Skip to Main Content

EDUC.7130: Research Writing in Social Sciences

Don't Bury the Lead

Remember when writing your opening sentences that although you have spent weeks if not months and years becoming closely familiar with your topic and your argument, your readers have not, so don't forget to clearly state at the outset what your topic and your argument is.

Effective Titles follow three basic rules:

Keep it simple, brief and attractive

Use appropriate descriptive words

Avoid abbreviations and jargon

Good research paper titles (typically 10–12 words long) use descriptive terms and phrases that accurately highlight the core content of the paper.

 

How to Write a Good Introduction

Introductions need to start with a broad motivating statement, which takes up one or two sentences. The scheme for these sentences typically is something like this: “XYZ is a really important issue because of A, B, and C.”

Following such a broad statement, there is usually some review of existing knowledge. This serves two purposes. One, you need to embed your work in the context of other people’s work. Two (a more political reason), you need to demonstrate that you know about other important players in the area in which you are publishing. Reviewers get very annoyed if you have missed their very important work, even though it’s on a related topic. You can’t (and shouldn’t!) cite everything, but it’s a good idea to be familiar with who else is working in your area, and give them credit for their work.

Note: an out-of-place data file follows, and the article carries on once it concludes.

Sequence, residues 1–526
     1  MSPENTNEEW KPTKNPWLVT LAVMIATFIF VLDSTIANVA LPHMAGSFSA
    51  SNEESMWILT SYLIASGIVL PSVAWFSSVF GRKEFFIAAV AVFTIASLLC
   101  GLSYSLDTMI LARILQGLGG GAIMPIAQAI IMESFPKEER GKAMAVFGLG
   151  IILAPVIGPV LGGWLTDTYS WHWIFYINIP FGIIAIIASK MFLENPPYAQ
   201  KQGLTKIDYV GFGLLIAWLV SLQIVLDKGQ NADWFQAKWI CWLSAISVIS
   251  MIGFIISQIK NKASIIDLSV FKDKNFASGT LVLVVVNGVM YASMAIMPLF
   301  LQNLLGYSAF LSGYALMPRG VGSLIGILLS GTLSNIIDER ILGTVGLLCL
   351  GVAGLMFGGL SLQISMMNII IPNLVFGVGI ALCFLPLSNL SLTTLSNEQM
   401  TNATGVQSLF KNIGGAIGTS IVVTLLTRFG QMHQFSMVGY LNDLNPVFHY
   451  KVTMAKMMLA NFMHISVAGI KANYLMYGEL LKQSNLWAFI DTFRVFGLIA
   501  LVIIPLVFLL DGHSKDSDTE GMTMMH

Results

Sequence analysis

Introductions then become increasingly specific, like a funnel. At the very end, you present specific aims. The logic of an introduction thus typically flows something like this:

  • XY is an important issue
  • For example, it has these effects, and these other effects
  • These have been investigated in a number of ways
  • Author A came up with this explanation
  • Author B proposed an alternative explanation
  • To date, it is unknown what the role of the phenomenon Z is.
  • Phenomenon Z could be important because of this, that, and something else.
  • Here, we investigate the role of phenomenon Z in the context of …
  • Specifically, we addressed three aims:
    • First, we tested whether …
    • Second, we compared our findings …
    • Third, we applied our insights to …
  • Optional last sentence to summarise the key finding: “We show that …”

(from Writing a Journal Article)

If you cannot access the above video, you can watch it here

Suggestions for Writing Your Conclusion

If you cannot access the above video, you can watch it here